Ukraine secures $15.6bn loan from the IMF

Agreement is subject to approval of fund's executive board in the coming weeks

Bombed-out buildings at a university in Kharkiv. The damage to Ukraine's infrastructure has been estimated at $138 billion. EPA
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Ukraine has secured the backing of the International Monetary Fund's staff for a $15.6 billion loan programme.

The team and the war-torn country reached a staff-level agreement on a four-year comprehensive loan programme, the Washington-based lender said on Tuesday.

The agreement aims to help Ukraine's government to restore financial stability and support its gradual economic recovery, while promoting long-term growth in its post-war reconstruction phase and path to EU membership.

“The staff-level agreement reflects the IMF’s continued commitment to support Ukraine and is expected to help mobilise large-scale concessional financing from Ukraine’s international donors and partners over the duration of the programme,” said Gavin Gray, who led the fund's team that held discussions with Ukrainian officials in Warsaw from March 8 to March 15.

The agreement is subject to approval of the fund's executive board, which is expected in the coming weeks, the IMF said.

“In addition to the horrific humanitarian toll, Russia’s invasion of Ukraine continues to have a devastating impact on the economy … a large share of the capital stock has been destroyed, and poverty levels have climbed,” Mr Gray said.

“Acute macroeconomic challenges persist due to the scale of the shock and the expansion of the fiscal deficit.”

Ukraine's economy shrank by 30 per cent last year and the fluidity of the conflict means an uncertain economic outlook, amid a range of outcomes that range from a 3 per cent contraction to a 1 per cent expansion in real gross domestic product growth for 2023, the fund said.

Damage to the country's infrastructure was estimated at $138 billion as of December 2022, equal to 70 per cent of gross domestic product in 2021, according to the Kyiv School of Economics.

Last month, Moody's Investors Service downgraded Ukraine's rating deeper into junk, or non-investment grade, territory as a result of the mounting pressure on its finances.

Moody's forecasts financing needs of about 20 per cent of GDP in 2023, which are expected to be mainly covered through donor support and the remaining by issuances on the domestic market.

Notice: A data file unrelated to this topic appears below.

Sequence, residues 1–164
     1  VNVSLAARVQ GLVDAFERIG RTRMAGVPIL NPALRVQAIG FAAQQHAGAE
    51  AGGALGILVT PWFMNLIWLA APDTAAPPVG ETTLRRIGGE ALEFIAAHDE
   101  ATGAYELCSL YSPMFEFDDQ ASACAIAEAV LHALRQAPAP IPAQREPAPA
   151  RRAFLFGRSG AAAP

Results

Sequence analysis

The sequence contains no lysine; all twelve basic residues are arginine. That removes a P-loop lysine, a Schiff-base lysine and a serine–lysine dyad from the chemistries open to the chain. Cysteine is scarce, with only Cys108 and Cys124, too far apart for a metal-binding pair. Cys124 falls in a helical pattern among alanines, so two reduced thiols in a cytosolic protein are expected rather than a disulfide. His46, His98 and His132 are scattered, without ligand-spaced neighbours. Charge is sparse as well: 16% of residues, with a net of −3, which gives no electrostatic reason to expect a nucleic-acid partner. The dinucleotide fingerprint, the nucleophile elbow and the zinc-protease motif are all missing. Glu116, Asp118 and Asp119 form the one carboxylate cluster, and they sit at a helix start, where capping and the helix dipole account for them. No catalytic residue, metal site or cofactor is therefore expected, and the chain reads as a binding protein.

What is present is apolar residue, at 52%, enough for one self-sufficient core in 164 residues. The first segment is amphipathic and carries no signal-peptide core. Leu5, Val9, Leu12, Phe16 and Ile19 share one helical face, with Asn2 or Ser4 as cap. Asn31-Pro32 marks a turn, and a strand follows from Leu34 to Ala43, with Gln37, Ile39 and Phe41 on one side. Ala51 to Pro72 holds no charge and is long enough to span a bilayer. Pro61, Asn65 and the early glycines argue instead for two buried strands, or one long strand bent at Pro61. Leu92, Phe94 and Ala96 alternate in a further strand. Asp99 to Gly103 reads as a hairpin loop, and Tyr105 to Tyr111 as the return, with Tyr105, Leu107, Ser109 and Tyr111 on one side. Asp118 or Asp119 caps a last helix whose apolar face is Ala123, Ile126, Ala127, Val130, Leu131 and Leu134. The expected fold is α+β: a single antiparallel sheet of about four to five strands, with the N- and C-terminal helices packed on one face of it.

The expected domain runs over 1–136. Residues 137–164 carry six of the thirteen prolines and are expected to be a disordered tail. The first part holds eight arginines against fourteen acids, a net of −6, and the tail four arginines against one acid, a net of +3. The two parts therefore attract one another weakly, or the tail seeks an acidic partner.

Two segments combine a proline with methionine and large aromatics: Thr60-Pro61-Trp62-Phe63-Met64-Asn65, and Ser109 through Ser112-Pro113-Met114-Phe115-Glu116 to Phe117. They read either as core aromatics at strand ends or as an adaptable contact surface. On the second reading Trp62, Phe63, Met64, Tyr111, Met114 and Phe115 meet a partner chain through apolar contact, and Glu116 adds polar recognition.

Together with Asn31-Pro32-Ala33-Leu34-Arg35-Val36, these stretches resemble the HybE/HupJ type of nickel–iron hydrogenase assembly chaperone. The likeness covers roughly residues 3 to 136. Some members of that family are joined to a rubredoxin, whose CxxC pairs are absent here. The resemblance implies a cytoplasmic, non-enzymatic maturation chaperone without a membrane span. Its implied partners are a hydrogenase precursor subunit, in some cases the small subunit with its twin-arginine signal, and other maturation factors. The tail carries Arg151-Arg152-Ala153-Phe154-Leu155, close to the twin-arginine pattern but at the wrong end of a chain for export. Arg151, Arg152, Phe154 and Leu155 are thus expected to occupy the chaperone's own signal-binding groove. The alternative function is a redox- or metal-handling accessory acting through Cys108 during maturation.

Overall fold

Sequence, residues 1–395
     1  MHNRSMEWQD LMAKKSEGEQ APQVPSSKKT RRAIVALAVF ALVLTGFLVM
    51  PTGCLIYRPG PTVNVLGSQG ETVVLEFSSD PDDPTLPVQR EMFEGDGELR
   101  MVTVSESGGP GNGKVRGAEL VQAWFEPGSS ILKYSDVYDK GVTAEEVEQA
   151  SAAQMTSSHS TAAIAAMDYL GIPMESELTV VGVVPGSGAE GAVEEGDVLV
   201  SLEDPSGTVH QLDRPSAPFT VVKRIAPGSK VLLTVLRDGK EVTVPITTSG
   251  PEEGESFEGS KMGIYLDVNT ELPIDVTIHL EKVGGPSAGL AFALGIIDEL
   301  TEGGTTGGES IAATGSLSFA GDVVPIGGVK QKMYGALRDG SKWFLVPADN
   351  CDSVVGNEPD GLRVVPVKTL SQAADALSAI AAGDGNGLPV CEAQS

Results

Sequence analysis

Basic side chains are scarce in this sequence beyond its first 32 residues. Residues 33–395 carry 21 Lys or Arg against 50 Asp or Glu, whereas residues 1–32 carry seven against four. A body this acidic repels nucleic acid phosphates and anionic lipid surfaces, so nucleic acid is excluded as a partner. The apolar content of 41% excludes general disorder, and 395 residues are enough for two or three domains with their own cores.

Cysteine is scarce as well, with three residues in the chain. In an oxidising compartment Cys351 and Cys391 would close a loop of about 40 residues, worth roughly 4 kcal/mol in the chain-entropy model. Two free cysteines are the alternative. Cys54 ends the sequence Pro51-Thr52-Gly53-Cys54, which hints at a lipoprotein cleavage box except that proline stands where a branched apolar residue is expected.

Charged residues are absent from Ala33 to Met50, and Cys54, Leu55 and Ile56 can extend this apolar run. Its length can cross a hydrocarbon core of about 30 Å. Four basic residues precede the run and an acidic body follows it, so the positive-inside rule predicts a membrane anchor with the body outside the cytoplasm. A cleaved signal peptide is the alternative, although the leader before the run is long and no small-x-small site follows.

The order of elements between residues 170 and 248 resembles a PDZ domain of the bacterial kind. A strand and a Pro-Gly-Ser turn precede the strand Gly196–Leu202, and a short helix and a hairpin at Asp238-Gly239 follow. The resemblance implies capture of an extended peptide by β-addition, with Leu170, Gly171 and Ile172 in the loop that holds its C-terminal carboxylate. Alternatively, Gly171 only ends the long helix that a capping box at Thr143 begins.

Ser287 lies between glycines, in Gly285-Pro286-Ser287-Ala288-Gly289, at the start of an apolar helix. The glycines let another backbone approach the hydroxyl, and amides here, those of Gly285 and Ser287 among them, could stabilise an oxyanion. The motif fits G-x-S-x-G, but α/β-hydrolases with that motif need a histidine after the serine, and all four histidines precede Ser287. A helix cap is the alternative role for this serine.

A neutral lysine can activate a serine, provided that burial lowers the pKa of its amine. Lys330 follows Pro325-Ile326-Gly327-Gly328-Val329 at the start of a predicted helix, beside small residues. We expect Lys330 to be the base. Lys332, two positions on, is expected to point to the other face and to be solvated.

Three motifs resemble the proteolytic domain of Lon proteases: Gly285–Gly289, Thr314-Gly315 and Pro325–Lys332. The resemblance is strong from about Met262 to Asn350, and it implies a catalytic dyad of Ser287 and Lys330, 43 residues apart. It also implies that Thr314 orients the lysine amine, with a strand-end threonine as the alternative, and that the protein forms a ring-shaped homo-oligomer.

Despite the challenges Ukrainian authorities have managed to maintain a degree of macroeconomic and financial stability, thanks to external support and skilful policymaking, Mr Gray said.

“A gradual economic recovery is expected over the coming quarters, as activity recovers from the severe damage to critical infrastructure, although headwinds persist, including the risk of further escalation in the conflict,” he said.

The IMF programme will be divided into two phases.

Under the first stage, which runs from a year to 18 months, Ukraine will take measures to “strengthen fiscal, external, price and financial stability”.

The measures are intended to improve its revenue collection and eliminate monetary financing.

The second phase would shift to more expansive reforms to boost macroeconomic stability, support the country’s recovery and reconstruction, as well as “enhance resilience and higher long-term growth” in the context of Ukraine’s EU accession goals.

Ukraine would be expected to “revert to pre-war policy frameworks” during the second phase, which include a flexible exchange rate and measures to bring down inflation to a set target, the IMF said.

Government fiscal policies would focus on critical structural reforms to anchor medium-term revenue through the carrying out of a national revenue strategy as it shores up its management of finances and introduces public investment reforms to support post-war reconstruction, the fund said.

Enhancing competition in the country's energy sector and reducing fiscal liabilities will complement post-war reform efforts, the IMF said.

Updated: March 22, 2023, 4:20 AM